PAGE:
Tourists on board a luxury cruise sailing through the Arabian Sea and Suez Canal were subjected to a "dusk-till-dawn" black out for ten days as the captain of the ship implemented a strict code to prevent any pirate attack.
It was supposed to be a magical 104-day world cruise aboard the Sea Princess for the 1,900 passengers who shelled out tens of thousands of dollars. In addition to the blackout, Jasinski said all passengers also had to take part in drills in case of an actual pirate attack. During this time, the Sea Princess was seen as a "ghost ship, according to Jasinski, and it was due to lights being turned off, shutters being closed, and passengers being ordered to stay quiet".
Deck parties, movies under the stars, late-night outdoor bar hopping or pool dipping were banned on the ship and lights were either dimmed or switched off.
What's more, the passengers on the ship were required to participate in safety drills to prepare for pirate attacks.
"They were advised to sit on the floor and to hang on to hand rails in case the ship had to manoeuvre away from pirate ships", she wrote. He apologised for alarming passengers.
Passengers on an around-the-world cruise had to spend 10 nights in darkness out of fear Somali pirates might attack, one traveler claims in a new essay.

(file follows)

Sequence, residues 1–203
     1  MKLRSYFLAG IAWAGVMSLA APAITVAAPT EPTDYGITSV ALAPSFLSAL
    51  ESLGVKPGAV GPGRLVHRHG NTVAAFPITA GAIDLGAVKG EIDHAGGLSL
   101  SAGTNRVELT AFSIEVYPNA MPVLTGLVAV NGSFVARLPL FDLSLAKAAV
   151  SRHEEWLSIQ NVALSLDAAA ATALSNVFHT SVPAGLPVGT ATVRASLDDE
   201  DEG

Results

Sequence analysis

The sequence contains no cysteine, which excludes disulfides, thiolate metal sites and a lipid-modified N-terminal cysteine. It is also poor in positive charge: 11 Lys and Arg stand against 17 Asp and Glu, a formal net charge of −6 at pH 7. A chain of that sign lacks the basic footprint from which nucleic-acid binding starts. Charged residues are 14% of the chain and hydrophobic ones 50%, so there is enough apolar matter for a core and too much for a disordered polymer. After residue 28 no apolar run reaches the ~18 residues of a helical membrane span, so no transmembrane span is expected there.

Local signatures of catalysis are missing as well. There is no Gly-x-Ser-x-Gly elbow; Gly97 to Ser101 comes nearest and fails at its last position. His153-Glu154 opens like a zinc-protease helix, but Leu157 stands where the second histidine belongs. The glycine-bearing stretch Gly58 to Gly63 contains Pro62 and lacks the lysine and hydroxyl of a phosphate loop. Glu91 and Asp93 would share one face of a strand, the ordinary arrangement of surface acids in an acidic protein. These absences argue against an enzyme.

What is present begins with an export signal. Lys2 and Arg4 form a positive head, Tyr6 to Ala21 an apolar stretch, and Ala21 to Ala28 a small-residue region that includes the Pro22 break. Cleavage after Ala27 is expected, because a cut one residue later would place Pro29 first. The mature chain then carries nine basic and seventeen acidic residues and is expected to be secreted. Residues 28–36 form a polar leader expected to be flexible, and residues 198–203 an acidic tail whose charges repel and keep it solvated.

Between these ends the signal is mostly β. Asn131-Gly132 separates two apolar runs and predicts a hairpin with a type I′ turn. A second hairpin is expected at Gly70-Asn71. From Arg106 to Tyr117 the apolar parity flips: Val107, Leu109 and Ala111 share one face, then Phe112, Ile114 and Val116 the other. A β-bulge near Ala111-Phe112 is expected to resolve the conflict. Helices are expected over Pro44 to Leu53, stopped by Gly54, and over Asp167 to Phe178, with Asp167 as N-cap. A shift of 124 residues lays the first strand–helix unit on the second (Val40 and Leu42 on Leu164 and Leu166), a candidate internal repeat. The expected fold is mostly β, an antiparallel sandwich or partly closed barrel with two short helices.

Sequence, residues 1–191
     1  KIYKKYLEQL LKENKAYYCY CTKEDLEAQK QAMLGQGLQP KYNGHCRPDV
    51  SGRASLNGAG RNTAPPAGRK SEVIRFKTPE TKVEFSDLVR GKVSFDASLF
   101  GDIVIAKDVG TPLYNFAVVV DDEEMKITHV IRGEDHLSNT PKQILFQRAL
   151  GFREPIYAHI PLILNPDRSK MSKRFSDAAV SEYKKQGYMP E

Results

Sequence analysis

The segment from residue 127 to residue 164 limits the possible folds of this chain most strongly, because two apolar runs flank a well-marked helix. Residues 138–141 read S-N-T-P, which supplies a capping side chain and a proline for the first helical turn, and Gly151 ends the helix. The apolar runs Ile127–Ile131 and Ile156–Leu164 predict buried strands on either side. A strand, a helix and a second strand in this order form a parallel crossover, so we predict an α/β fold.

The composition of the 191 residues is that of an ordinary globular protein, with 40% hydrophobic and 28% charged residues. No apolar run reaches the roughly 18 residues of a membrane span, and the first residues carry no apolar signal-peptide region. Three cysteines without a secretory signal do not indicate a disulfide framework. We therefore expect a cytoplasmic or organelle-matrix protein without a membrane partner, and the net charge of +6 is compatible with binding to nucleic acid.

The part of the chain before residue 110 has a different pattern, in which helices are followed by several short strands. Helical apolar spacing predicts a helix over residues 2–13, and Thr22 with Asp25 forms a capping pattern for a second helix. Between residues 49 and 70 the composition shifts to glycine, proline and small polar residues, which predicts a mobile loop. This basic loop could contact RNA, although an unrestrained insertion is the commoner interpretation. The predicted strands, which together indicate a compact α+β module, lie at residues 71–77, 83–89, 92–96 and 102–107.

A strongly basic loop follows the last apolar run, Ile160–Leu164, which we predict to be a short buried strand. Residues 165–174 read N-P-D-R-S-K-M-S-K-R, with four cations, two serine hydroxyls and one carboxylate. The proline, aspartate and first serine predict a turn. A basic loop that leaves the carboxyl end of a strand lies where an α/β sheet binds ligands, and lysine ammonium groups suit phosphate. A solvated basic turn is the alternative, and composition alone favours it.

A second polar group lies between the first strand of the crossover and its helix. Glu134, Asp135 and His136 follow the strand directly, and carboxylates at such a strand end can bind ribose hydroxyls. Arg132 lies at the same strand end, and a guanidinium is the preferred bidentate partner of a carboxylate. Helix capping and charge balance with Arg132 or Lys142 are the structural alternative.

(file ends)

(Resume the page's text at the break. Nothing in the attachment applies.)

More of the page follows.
While some travellers were skeptical of the risk and ignored the rules of the drill run, Jasinski says the captain quickly put them in their place and scolded them over the loudspeaker.
During its long journey through the Indian Ocean, the Sea Princess didn't meet any trouble from pirates or anything else.
Once the crew notified the travelers - some of whom paid a reported $50,000 for the whole trip - they immediately began to take it seriously, Jasinski claimed.
The ship could outrun pirates if necessary, the captain told crew members, but there were other options to keep the pirates at bay - officers were on duty 24/7, fire hoses were ready to be used and, as a last resort, a sonic boom could knock pirates off their ladders.
"Piracy specific training is conducted prior to any of our vessels entering areas of concern". A Sea Princess spokesperson told The Telegraph that there was not a specific threat and all the measures were precautionary and, in fact, common to ships sailing through that region.
USA TODAY has reached out to Princess Cruises for comment.